It might come as some surprise, then, to learn that Sun Ra’s invocation of Atlantis likely derived, at least in part, from his reading of a wide range of pseudo-archaeological, pseudo-historical, theosophical, and mystical works on Atlantis.  

This is not subtle. For example, track titles on this album evoked various visions of Atlantis: “Mu,” for example, refers to the lost continent proposed by Augustus Le Plongeon, whose 19th century work in the Yucatan involved trying to connect the Mayan to Egypt and Atlantis. His works influenced the theosophical thinking of Helena Blavatsky and Minnesota politician and lawyer Ignatius L. Donnelly, whose late-19th century writings on Atlantis represents an important landmark in 20th century pseudo-archaeological writing about the “lost continent”  (It is worth noting that throughout his political career Donnelly was a Radical Republican and later a Agrarian populist). The second track is titled “Lemuria” which evoked work of zoologist Philip Sclater (1829-1913) who argued that Lemuria once stood between Africa and India before sinking into the sea. His ideas both anticipated theories of continental drift and found favor as the home of humanity in the works of Helena Blavatsky. “Yucatan” and “Bimini” likely refer to various ideas of Atlantis in the work of the influential medium Edgar Cayce (1876-1945) whose books, including On Atlantis, appear in Ra’s library and who advocated for racist theories of polygenism for humanity (which cast a shadow over Ra’s thinking on race as well).

It may be that the greatest influence on Sun Ra’s vision of Atlantis came from the Alsatian mystic and pseudo-archaeologist R. A. Schwaller de Lubicz (1887–1961).To be clear Schwaller de Lubicz is exactly the kind of pseudo-archaeologist that Dr. Dibble seeks to root out of the popular discourse. Schwaller de Lubicz argued that the weathering on the Sphinx and its enclosure was the result of water and this suggested some of the monuments in Egypt should pre-date the Biblical flood and connected them with the destroyed continent of Atlantis. This allowed some readers (and many pseudo-archaeologists) to connect an Egypt and the construction of its great monuments to a much more ancient culture that was destroyed by the flood. This, like so much pseudo-archaeology, sought to disassociate the Ancient Egyptian known to archaeologists (and by extension contemporary Egyptians) from many of its greatest monuments. In the hands of some, this served to sever the Egyptian cultural achievement from a Black, African past and contribute to racist arguments for the primitive and subordinate character of Black culture in the contemporary world.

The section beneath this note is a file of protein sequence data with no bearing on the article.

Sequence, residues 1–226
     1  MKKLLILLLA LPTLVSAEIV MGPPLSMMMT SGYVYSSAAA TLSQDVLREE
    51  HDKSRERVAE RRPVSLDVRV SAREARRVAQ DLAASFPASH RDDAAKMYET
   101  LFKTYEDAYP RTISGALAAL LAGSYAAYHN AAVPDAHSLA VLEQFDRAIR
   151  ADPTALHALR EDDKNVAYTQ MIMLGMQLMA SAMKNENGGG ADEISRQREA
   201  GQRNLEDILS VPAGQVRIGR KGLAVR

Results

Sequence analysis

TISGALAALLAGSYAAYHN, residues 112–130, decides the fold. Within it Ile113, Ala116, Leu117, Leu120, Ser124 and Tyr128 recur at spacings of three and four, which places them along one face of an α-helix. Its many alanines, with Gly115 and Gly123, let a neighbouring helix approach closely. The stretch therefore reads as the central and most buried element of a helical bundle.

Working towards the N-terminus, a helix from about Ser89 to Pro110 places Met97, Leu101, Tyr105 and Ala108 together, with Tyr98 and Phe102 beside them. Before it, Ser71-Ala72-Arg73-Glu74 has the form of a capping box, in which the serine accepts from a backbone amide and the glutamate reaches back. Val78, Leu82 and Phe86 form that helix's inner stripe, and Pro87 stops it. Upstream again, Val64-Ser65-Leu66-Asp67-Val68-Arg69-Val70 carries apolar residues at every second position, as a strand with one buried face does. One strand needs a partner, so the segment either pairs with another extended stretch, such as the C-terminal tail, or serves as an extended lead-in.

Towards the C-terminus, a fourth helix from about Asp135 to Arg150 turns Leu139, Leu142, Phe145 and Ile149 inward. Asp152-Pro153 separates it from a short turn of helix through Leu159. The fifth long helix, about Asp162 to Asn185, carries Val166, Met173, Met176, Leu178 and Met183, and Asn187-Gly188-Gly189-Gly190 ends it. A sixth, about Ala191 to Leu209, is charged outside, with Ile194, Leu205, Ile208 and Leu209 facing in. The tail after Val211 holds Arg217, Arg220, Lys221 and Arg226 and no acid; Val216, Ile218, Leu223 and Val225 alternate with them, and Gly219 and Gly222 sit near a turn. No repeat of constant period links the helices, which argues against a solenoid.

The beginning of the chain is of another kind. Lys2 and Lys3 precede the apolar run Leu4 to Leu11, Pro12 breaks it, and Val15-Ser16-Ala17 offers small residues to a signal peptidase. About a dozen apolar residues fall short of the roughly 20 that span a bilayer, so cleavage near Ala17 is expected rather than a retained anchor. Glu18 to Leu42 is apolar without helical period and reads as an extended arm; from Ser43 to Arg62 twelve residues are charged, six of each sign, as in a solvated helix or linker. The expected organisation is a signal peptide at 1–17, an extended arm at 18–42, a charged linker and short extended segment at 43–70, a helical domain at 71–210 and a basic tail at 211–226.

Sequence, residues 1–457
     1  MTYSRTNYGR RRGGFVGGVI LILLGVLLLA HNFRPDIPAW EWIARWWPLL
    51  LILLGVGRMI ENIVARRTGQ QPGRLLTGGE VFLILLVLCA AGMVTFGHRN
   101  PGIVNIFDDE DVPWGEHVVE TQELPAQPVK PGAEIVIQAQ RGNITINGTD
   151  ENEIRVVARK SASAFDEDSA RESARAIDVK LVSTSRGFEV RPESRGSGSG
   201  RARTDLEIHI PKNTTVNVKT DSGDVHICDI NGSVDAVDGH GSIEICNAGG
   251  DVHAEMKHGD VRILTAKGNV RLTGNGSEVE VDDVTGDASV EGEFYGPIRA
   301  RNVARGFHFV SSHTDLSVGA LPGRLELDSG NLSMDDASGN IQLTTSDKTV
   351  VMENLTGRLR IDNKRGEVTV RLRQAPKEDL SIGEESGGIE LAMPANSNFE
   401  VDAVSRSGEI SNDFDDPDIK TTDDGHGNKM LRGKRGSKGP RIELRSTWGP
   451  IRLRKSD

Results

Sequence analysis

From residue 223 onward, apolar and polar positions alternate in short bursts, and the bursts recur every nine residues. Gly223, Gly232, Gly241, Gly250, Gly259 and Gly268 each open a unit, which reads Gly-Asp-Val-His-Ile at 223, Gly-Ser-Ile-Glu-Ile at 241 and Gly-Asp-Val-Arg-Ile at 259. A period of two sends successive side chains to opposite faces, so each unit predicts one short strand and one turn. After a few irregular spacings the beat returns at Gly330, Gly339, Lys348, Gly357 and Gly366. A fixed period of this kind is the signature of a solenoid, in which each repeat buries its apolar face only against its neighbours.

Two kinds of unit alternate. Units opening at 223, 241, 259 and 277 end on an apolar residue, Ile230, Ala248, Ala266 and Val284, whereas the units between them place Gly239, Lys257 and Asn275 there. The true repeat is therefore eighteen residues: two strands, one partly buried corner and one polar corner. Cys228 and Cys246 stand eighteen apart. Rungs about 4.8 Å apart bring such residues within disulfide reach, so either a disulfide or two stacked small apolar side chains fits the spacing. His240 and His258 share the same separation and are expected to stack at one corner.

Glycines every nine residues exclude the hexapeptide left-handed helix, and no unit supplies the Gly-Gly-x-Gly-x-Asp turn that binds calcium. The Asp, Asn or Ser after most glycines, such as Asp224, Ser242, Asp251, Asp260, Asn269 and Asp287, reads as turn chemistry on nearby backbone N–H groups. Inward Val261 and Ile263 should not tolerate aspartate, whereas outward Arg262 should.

At the same time, it is worth pointing out that Sun Ra’s reading of Schwaller de Lubicz could hardly be seen as conventionally racist. In other words, the reception of these arguments among different groups produced different reading. For Sun Ra (and a certain strain of Black readers), the mystical (or even alien) origins of Egyptian society did not sever contemporary Black culture from an African past, but anchored it in a technologically, intellectually, and spiritually superior civilization that white society had sought to suppress. When set against the narrative of the Middle Passage and the Atlantic slave trade which severely compromised Black ties to an African past, the story of Atlantis and alien interventions in Egypt create an alternative legacy that overwrites the painful legacy of their time as an enslaved and marginalized group.   

I’ll blog more on the recent controversies on Atlantis and pseudo-archaeology tomorrow, but as a kind of warm up, I wanted to put something together that makes an effort to unpack one little sliver of the complex ways that pseudo-archaeology and the myth of Atlantis has played in American culture.  

And, as his band sings at the end of the album, I hope that “Sun Ra and his band from outer space have entertained you here.”